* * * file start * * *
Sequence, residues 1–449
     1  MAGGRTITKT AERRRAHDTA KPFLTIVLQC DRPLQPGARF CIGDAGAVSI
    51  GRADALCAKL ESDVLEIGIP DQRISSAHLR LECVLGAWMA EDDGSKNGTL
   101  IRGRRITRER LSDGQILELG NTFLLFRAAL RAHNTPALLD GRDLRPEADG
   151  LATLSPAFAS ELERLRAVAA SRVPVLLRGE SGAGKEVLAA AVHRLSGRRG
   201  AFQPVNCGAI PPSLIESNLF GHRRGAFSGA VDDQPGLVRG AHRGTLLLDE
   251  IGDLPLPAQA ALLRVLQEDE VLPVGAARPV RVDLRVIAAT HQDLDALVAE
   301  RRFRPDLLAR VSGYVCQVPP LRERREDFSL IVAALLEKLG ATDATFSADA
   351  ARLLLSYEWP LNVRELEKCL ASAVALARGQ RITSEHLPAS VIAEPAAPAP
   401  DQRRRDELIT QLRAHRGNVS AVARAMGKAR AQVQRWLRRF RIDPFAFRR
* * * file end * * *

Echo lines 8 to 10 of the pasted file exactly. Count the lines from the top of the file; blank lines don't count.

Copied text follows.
   301  RRFRPDLLAR VSGYVCQVPP LRERREDFSL IVAALLEKLG ATDATFSADA
   351  ARLLLSYEWP LNVRELEKCL ASAVALARGQ RITSEHLPAS VIAEPAAPAP
   401  DQRRRDELIT QLRAHRGNVS AVARAMGKAR AQVQRWLRRF RIDPFAFRR